Sensors are a big part of the components that make up “JarvisSuite”. These include basic types of sensors, like for presence detection and temperature measuring, as well as a few more special types.
Currently, these were built in varying levels of prototype states:
- Presence detection sensor (via PIR, or passive IR)
- Temperature sensor
- Door sensor
- Window sensor
- Passage sensor (via light barriers)
- Bed occupancy sensor
Since it makes sense to have both presence detection and temperature measurement possibilities in every room, one could combine those as one “environmental sensor” component. As a bonus, we can throw in a humidity sensor as well to complement the temperature measuring.
During the development of my touch-enabled light switch (blog post planned), I designed and built a custom case for it. This case was made by cutting acrylic glass (made possible with the laser cutter of a local maker lab) and glue them together with special acrylic glass glue. The front of this case design was partially see-through to have a visible “touch area” and allow a LED to shine through. I’ll expand more on this in a later blog post.
This case design can be easily modified to have an opaque front (since we have no use for touching and LEDs) with an exact cutout of the dimensions for the PIR module. The PIR module is named HC-SR501 and is the go-to type for cheap and readily available PIR components.
Summed up, this means we’ll have 4 main components:
- ESP8266 for logic and connectivity
- PIR sensor: HC-SR501
- Temperature sensor: DS18B20
- Humidity sensor: BME280
Unfortunately, I ordered the wrong component for the humidity sensor, thanks to ordering deep into the night and a really unfortunate or misleading eBay article label. I received the BMP280 instead of the needed BME280, which can only measure pressure, not humidity. Thus, we’ll just leave humidity measuring out of the prototype.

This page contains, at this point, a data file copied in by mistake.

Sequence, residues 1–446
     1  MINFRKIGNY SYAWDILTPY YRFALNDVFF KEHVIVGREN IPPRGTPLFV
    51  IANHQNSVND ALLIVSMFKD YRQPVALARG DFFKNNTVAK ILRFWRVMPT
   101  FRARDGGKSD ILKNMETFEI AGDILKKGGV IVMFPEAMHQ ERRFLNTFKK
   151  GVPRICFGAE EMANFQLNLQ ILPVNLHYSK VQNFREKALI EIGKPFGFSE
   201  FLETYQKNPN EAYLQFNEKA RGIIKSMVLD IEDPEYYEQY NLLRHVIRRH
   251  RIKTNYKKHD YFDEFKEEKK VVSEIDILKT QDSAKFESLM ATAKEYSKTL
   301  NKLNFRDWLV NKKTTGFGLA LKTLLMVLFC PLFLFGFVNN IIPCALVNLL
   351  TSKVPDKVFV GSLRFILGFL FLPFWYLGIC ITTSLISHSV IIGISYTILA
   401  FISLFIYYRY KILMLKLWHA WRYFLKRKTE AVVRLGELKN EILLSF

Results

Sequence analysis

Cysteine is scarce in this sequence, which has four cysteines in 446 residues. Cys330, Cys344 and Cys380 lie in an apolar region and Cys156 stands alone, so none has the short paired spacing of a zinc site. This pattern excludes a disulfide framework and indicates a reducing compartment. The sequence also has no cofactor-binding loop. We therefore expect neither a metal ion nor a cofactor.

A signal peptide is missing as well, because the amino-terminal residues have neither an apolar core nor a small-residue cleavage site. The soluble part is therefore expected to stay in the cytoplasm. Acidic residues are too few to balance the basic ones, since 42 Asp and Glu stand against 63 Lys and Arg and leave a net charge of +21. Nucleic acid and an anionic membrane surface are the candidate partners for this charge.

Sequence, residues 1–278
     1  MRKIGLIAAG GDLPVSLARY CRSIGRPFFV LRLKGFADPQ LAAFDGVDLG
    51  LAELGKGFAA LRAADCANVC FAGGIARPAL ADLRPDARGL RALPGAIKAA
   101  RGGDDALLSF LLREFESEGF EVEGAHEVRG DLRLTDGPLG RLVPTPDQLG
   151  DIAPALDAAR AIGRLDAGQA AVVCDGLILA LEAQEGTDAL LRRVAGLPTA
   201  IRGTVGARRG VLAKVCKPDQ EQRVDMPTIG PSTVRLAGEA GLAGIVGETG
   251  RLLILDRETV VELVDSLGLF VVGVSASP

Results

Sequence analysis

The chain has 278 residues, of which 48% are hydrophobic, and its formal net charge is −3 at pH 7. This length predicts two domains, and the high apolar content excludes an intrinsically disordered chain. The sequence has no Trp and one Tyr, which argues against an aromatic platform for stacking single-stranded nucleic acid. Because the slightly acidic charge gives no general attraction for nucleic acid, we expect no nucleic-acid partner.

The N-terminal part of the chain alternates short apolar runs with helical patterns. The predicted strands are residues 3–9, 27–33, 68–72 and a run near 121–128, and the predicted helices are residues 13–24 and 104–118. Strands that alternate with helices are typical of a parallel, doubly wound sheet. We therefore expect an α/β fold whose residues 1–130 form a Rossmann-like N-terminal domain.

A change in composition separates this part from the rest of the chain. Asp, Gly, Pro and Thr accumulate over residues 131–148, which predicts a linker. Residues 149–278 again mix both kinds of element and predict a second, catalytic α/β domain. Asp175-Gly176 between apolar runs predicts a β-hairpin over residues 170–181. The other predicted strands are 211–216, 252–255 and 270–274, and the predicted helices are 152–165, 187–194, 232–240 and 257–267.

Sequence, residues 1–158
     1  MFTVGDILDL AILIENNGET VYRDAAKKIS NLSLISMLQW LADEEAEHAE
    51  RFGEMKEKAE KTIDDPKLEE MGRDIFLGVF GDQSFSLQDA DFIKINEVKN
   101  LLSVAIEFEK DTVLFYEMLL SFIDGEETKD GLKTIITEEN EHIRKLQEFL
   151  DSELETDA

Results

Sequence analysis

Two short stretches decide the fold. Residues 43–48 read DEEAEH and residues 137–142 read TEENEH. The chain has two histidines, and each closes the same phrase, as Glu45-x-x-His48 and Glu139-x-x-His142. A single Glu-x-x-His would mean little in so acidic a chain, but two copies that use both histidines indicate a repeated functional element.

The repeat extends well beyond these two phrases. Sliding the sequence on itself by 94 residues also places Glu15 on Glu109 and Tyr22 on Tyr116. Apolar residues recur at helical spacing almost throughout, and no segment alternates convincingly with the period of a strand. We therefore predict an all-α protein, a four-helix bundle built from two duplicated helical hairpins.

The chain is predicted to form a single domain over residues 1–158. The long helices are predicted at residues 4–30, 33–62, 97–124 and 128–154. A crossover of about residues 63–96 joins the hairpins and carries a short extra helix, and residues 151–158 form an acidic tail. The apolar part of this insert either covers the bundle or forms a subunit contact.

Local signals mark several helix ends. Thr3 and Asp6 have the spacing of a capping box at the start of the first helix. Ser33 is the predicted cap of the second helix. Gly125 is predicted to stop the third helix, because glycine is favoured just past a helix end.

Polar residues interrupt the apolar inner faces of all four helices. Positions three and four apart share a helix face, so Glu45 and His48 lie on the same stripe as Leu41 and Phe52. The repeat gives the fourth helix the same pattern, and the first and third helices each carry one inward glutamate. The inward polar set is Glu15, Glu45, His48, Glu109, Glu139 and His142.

The circuit board is rather simple and straightforward, as it only consists of paths to connect the voltage and ground ports as well as data lines from the sensor components to the ESP8266’s GPIO pins. I am a developer, not an engineer, who furthermore isn’t considered to be especially handy, so please keep that in mind when looking at the picture of the circuit board. I just learned to solder, so I’d imagine my soldering skills are just enough to get the job done.
Put together, the case and the circuit board make up the complete environmental sensor module:
Unfortunately, after building the first complete environmental sensor prototype based on the aforementioned design, a problem occurred that was not present in earlier breadboard-based prototypes: Having the HC-SR501 and the ESP8266 this close to each other seems to result in a lot of false positive measurements by the PIR module. The reason for this, as I understand it based on quite a lot of forum posts I’ve found, seems to be radio frequencies from the ESP8266’s antennas which interfere with the seemingly sensitive HC-SR501.
I found the following tips to mitigate and/or fix this interference:
- Move those two components away from each other
- Shield the HC-SR501 from the ESP8266 with the help of aluminum foil
- Add a resistor between the HC-SR501’s Data Out and the ESP8266’s pin input
- Add a ceramic capacitor
As of yet, I only had time to try out tip nr. 2, which didn’t seem to have any effect. Since this is a rather complicated side project, I don’t have a lot of time I can invest in it, so this may take some time to resolve this issue, but I’ll report on my progress in a follow-up post as soon as I have more details.